You should always wash your hands with water and plain soap before handling contact lenses, but you need to avoid water coming into contact with the contact lenses themselves. Small micro-organisms are present in tap water and can cause potentially serious eye infections. These same organisms can also survive in swimming pools, saunas, hot tubs and the sea. The safest way to avoid an eye infection in these situations is to not wear contact lenses at all- prescription swimming goggles are readily available. Where this is impractical, daily disposable lenses minimise the risks especially if contact lenses are removed with clean and dry hands after any water based activity.

Are contact lenses difficult to handle?

Like anything, ‘practice make perfect’ and our step-by-step guide to contact lens handling can support you through the early days of getting used to handling contact lenses. Ask any experienced contact lens wearer and they’ll tell you that applying and removing contact lenses becomes very easy, very quickly.

What is the difference between an eye examination and a contact lens check?

An eye examination determines your spectacle prescription and includes checks for eye disease like glaucoma or cataracts and may also identify early general health concerns like eye changes in relation to diabetes. You should wear your glasses to your eye examination. A contact lens check allows your eye care professional to make sure that you are seeing well and that your contact lenses are the most suited to your lifestyle. You should wear your contact lenses to this appointment and bring your glasses with you (and contact lens storage case if wearing reusable lenses).

Can a contact lens get ‘lost’ in my eye?

No. The eye is ‘sealed’ by a continuous membrane called the conjunctiva that extends from under your eyelids to the edge of your cornea. This means that even in the unlikely event of a contact lens being displaced it can’t get lost behind the eye.

I’ve been told that my eyes are dry. Will this affect my new contact lenses?

Dry eye is actually very common and it affects people in a variety of ways. Sometimes it can make contact lens wear more challenging and your eye care professional will have selected the best contact lens material and solutions (if wearing reusable lenses) to help you get the most comfort from your contact lenses.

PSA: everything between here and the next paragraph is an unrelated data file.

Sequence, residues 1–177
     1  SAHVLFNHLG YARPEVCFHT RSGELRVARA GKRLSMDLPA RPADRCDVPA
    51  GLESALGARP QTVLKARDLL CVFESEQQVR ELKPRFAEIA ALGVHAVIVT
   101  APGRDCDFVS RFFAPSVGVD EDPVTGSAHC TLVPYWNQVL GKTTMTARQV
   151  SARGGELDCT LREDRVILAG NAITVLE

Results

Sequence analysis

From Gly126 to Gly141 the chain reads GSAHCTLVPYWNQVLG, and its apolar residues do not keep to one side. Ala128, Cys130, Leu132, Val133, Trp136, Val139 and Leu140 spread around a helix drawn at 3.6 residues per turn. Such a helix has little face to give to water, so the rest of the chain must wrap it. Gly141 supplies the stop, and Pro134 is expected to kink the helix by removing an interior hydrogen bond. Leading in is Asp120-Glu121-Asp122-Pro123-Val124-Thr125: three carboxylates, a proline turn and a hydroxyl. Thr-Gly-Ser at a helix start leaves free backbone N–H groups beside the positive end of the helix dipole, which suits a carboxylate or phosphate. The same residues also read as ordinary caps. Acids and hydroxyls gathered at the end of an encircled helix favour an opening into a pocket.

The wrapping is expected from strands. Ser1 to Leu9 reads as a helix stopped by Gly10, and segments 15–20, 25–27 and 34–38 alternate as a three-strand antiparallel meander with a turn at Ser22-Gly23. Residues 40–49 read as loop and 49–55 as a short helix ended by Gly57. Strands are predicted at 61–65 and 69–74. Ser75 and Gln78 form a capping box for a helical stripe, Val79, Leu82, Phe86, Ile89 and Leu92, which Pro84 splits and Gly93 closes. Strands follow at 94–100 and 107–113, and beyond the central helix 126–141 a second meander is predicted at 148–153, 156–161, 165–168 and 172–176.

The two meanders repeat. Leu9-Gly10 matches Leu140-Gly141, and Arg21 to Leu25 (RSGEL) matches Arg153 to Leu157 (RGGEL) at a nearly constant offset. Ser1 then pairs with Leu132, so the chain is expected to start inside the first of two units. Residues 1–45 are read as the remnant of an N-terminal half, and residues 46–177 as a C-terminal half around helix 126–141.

Can I wear contact lenses if I have hay fever?

Some people find that contact lenses can help with the common symptoms of hay fever as they can prevent the particles causing your allergy to reach the surface of the eye. The best contact lenses for hay fever sufferers are daily disposable contact lenses because you start with a new, clean lens every day and it’s important to have regular contact lens progress checks to monitor any changes.

I need varifocal spectacles to see distance and close-up. Are there contact lenses for me?

This is a very common condition called presbyopia and the good news is that there are contact lenses designed to give great vision at all distances just like a varifocal spectacle lens does.

How old do you have to be to wear contact lenses?

It is not uncommon for children to wear spectacles but they can often get in the way of normal everyday activities. Several studies have indicated that children as young as 5 can benefit from contact lenses and are surprisingly good at handling them. Research tells us that the best lenses for children are daily disposable lenses with a UV block to protect young eyes from exposure to the harmful effects of UV light.

Do I need to change my make-up routine?

Apply your contact lenses before putting your make-up on and take them out before you remove your make-up.

What happens if I lose or damage a contact lens?

Never wear a damaged lens as it will be pretty uncomfortable, especially if it is damaged through mishandling (like accidentally dropping the lens on the floor) as the risk of infection can increase. Move on to your next lens and ask your eye care professional for a replacement if needed.